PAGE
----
Any Lie groupoid gives a 'differentiable stack'. I won't define those, but the advantage of working with stacks is that the morphisms are more flexible. Only when you move on up to differentiable stacks are you combining groupoids & manifolds in the best way!

Differentiable stacks tend to be good when you've got a space of things with symmetries — like the space of all triangles in the plane. As a thing moves around in this space, its amount of symmetry can suddenly increase, like when a scalene triangle become isosceles.

The 'moduli space' — the space of isomorphism classes of things — will have singularities at the points where those things have more symmetry. But the differentiable stack will still be nice there, because you're not modding out by those symmetries.

Stacks are still scary to most mathematicians. The Stacks Project aims at becoming a complete reference on stacks as used in algebraic geometry:

But differentiable stacks are something you've already met in school, without knowing it! For a detailed introduction to stacks, with a lot about the stack of triangles, try this:

#### May 7, 2020

Like many scientists I have a grudging admiration for the Star Trek franchise: grudging because the science is so often silly, and could often have been improved easily without spoiling the stories; admiration because they've created a hopeful vision of the future, some fun stories, and some enduringly interesting characters. In Discovery we heard about the Logic Extremists, a dissident faction of Vulcans who wanted to leave the Federation. But we didn't learn much about their core beliefs! They seemed rather similar to the Vulcan Isolationists, who came about a hundred years later. There seemed to be an interesting untold story lurking behind the name.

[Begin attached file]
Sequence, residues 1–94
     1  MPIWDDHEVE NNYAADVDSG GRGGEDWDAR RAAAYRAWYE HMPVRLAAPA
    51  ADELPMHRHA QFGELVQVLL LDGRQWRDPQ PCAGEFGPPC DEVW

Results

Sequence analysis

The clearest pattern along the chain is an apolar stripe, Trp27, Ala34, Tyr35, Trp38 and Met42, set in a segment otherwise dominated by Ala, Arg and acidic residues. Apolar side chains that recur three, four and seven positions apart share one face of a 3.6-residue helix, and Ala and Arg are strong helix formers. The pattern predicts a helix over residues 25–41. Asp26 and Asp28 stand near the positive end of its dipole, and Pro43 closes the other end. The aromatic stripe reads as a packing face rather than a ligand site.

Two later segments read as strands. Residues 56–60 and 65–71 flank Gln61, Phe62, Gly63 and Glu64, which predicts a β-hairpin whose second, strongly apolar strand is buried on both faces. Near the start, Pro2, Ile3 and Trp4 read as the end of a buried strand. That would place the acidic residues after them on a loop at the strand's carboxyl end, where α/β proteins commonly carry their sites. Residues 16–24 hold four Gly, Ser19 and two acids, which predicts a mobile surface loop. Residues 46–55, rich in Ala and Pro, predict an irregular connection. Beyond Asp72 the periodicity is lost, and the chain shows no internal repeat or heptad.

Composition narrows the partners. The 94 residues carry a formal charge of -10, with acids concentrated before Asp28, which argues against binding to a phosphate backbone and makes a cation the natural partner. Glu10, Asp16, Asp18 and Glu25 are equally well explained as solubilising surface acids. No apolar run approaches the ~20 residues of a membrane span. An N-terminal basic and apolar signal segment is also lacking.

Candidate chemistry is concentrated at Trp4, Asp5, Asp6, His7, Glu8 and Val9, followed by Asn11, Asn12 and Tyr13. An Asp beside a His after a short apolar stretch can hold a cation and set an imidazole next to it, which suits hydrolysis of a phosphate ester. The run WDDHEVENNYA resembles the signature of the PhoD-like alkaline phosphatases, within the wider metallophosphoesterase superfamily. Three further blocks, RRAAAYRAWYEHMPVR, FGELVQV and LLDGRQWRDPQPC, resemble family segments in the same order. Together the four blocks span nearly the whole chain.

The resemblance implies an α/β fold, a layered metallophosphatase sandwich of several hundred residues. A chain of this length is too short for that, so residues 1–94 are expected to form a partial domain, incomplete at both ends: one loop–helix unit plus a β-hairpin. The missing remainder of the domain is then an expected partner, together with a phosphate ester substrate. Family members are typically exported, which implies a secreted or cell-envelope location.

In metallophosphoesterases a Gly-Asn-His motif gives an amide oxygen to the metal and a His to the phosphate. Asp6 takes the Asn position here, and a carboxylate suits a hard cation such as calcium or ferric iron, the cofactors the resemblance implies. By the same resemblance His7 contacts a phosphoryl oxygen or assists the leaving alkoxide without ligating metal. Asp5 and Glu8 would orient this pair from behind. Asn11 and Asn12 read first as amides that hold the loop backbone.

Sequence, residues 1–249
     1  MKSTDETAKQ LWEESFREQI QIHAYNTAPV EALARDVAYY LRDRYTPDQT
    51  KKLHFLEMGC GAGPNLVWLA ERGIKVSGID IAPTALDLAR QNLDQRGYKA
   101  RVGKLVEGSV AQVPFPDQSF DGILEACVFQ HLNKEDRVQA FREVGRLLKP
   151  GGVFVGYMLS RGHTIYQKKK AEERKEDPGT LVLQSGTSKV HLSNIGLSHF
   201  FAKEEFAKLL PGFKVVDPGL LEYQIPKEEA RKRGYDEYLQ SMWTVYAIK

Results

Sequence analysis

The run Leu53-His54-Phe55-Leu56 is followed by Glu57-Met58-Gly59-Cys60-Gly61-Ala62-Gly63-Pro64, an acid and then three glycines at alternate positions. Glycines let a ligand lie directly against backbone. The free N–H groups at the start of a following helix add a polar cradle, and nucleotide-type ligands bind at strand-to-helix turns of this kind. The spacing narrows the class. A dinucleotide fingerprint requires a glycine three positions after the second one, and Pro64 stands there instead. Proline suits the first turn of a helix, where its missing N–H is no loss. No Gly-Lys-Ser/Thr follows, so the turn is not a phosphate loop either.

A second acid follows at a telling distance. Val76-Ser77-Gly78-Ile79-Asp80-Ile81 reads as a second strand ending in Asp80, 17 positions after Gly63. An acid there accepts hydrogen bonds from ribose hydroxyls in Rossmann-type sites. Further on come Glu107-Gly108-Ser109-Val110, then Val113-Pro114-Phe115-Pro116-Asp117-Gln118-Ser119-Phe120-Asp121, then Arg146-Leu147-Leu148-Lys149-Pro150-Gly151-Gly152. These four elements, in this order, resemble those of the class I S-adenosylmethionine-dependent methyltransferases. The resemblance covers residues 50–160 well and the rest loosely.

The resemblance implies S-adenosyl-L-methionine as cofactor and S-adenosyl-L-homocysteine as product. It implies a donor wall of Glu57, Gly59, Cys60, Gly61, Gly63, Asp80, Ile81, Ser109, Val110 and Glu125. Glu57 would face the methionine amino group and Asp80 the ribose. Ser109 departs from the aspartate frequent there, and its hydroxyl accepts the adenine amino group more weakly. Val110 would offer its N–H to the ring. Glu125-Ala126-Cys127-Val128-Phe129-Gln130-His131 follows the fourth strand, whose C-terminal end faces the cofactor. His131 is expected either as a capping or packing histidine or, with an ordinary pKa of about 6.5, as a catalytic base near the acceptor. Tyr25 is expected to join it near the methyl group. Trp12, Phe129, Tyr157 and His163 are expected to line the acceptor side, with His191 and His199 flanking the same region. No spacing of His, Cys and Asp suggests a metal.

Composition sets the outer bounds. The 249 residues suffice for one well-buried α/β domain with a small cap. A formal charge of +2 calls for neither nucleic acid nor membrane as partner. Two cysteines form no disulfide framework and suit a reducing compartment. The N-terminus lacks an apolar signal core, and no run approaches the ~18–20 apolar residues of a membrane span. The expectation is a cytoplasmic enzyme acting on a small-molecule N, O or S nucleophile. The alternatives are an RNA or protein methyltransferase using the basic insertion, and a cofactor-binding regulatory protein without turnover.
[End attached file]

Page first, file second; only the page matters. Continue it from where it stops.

So, I went to T'Karath and spent a couple of weeks poring through the historical documents on this movement. Here's a quick sketch of what I found.

In the first half of the 22nd century, the central government had become corrupt, with Romulan operatives infiltrating the Vulcan High Command. Some Vulcans, the Syrannites, attempted to reinstate and develop the original teachings of the Vulcan philosopher Surak. But around 2140, another small group decided that Surak had not developed logic with sufficient thoroughness. They argued that all deductive reasoning should be formalized, all inductive reasoning should be Bayesian with explicit probabilities on hypotheses, and all decision-making should maximize utility.

The Pure Logic movement, as they called themselves, moved to Xir'tan and set up a commune there. They began a program of formal concept analysis so that all words would have precise definitions. Before each meal they bowed, seemingly in prayer, but actually to optimize their activities to come. Children were schooled in an even more disciplined way than usual: less high-tech than the skill domes of the 2200s, but with an intense focus on logic, semiotics, probability, and statistics.

Conflicts erupted in 2200 between what we would call Jaynesian-Bayesians and hardcore subjective Bayesians. The former advocated entropy-maximizing priors. The latter argued that no prior counts as 'right' without further assumptions, so one can start with any prior.

As the Pure Logic movement became established, they spread and set up communes the main continent, especially in Gol, Xial and Raal. They started influencing the political establishment, first locally and then at the federal level.

As this happened, factions with radical positions gradually gained influence. Especially important were the subjective Bayesians who argued that ethics could not be logically derived, so that instead of maximizing utility, a rational agent was free to maximize any chosen quantity. Their motto was remarkably similar to a saying credited to Hume:

From an "is" one cannot derive an "ought".

Going further, the most extreme subjective Bayesians adopted spreading the Pure Logic movement as their only goal. All decisions were to be evaluated based on how much they furthered the spread of logical thinking. They took a vow to this effect, and pressed this vow on other citizens as a prerequisite for holding office of any sort. Their opponents dubbed them "Logic Extremists".

In 2226, in a hard-fought political struggle, these extremists triumphed and completely pushed the Jaynesian-Bayesians and moderate subjective Bayesians out of power. Two years later V'arak took control: a charismatic leader who asserted with 100% prior probability that the Federation was trying to subvert Vulcan culture and stop the spread of the Pure Logic movement.